recombination, and population
One more LearnSmart assignments,
and all six Connect Assignments due
the day of the midterm
Up to now, we were focusing on genetics at the individual level, but most organism don’t live in
isolation, rather in populations
There are questions about the genetic composition of populations that can’t be answered fully by
knowledge of individual genetic processes
Look at how genotypic and allelic frequencies vary or remain constant, and apply population
genetics to real-world problems
find more resources at
find more resources at

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The Hardy-Weinberg Law
The Hardy-Weinberg law clarifies the relation between
genotype and allele frequency within a generation AND
from one generation to the next.
Five assumptions must be met for a population to be at
Hardy-Weinberg equilibrium:
1. Infinitely large population
2. Individuals mate at random
3. No new mutations appear in gene pool
4. No migration into or out of population
5. No genotype-dependent differences in ability to survive
and reproduce
All natural populations violate one or more assumptions
of Hardy-Weinberg law.
However, equations derived based on assumptions are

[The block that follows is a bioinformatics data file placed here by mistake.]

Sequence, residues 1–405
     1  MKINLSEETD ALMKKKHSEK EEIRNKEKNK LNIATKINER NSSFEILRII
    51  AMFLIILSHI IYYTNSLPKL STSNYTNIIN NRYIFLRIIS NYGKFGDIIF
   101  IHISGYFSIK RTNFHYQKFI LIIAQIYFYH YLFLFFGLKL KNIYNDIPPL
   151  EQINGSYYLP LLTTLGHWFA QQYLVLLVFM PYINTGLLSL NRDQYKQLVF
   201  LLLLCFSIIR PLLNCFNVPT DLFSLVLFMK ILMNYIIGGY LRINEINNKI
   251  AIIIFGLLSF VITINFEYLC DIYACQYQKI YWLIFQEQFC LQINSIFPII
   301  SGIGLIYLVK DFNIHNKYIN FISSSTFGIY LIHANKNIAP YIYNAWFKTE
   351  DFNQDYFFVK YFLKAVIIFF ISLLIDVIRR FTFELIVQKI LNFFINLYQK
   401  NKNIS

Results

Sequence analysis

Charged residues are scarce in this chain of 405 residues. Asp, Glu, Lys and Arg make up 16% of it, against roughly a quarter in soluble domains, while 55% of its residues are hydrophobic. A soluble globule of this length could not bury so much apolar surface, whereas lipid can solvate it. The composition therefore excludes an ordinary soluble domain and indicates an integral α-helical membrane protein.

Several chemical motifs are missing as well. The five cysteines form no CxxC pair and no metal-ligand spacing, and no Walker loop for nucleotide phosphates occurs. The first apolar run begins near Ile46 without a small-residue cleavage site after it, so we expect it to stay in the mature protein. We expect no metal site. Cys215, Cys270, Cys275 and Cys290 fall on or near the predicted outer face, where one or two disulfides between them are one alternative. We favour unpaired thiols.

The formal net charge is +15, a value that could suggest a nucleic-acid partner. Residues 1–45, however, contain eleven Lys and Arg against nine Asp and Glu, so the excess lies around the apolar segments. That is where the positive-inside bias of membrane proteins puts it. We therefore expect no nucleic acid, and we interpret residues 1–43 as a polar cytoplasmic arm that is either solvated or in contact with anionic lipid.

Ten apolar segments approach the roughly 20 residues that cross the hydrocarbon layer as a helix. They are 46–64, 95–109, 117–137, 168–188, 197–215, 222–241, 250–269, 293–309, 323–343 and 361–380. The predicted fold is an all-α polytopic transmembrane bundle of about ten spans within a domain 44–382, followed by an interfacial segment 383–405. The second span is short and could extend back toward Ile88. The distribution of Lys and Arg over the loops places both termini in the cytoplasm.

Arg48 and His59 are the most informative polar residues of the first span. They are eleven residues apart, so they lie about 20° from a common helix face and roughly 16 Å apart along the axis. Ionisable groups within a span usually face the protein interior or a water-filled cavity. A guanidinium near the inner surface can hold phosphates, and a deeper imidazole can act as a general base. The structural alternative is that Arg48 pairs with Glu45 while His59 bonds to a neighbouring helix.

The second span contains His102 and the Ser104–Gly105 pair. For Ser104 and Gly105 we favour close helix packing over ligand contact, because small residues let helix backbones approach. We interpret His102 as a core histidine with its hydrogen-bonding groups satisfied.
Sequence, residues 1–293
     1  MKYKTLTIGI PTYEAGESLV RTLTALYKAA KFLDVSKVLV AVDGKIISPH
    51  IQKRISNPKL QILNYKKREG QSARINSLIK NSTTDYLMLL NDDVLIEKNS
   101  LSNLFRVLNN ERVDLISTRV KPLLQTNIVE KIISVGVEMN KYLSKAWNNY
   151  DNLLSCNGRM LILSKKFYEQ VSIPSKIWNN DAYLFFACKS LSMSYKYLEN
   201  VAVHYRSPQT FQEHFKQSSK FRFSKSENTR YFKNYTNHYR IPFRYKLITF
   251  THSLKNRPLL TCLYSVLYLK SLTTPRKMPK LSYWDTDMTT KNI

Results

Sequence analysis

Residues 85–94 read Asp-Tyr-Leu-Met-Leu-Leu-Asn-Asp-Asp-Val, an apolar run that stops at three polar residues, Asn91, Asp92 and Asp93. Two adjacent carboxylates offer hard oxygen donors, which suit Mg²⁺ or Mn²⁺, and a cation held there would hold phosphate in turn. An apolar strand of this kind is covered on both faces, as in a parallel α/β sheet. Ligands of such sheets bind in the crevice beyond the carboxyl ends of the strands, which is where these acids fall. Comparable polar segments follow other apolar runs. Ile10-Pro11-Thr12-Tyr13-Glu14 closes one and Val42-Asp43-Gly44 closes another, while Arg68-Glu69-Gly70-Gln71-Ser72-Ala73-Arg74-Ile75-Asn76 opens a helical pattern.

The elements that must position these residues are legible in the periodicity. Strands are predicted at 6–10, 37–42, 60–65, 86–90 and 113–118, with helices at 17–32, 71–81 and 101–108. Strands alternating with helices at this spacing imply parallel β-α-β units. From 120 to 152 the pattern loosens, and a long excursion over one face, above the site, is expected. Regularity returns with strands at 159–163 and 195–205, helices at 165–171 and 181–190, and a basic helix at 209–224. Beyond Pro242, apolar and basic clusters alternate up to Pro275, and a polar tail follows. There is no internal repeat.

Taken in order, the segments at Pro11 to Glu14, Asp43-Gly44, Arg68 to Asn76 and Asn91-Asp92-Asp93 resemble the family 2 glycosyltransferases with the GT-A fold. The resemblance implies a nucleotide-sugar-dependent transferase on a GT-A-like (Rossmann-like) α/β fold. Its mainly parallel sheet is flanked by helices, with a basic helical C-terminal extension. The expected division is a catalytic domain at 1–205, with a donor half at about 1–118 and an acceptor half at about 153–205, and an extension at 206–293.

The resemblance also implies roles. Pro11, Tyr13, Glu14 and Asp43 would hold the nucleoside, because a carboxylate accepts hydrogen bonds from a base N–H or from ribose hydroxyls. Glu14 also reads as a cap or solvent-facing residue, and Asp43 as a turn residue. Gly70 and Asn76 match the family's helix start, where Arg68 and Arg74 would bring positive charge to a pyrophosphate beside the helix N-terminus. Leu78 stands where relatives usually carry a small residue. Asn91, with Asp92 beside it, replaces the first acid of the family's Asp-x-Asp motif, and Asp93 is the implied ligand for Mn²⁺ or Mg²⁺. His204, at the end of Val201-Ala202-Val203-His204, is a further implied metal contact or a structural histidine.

remarkably robust
Hardy-Weinberg law can be used as a null model
The Hardy-Weinberg Law: Allelic Frequencies
Allele Frequencies
Count both chromosomes of each individual
Allele frequencies affect the genotype frequencies, the
frequency of each type of homozygote and heterozygote in
the population
No genetic drift
No inbreeding
No new mutations
No gene flow
No natural selection
Random mating doesn’t always occur, migration occurs very frequently,
natural selection is inevitable, mutations are constantly arising, and genetic
drift affects smaller populations, etc.
Real populations violate many assumptions, but equations are robust and can
be used to examine and generate estimates of genotypic and phenotypic
frequencies in real populations
Can be used as a null model
Often assign p to dominant allele and q to recessive allele, but not
All allele frequencies must equal 1 (entire collection of alleles in the
All genotypic frequencies must equal 1 (also)
Number of copies of a particular allele divided by total number of
alleles in that population
You must count both chromosomes of each individual
o In diploids, two alleles per gene are carried (autosomal in
both, X-linked in females; males are hemizygous)
Genotypic frequency is the proportion of each genotype in the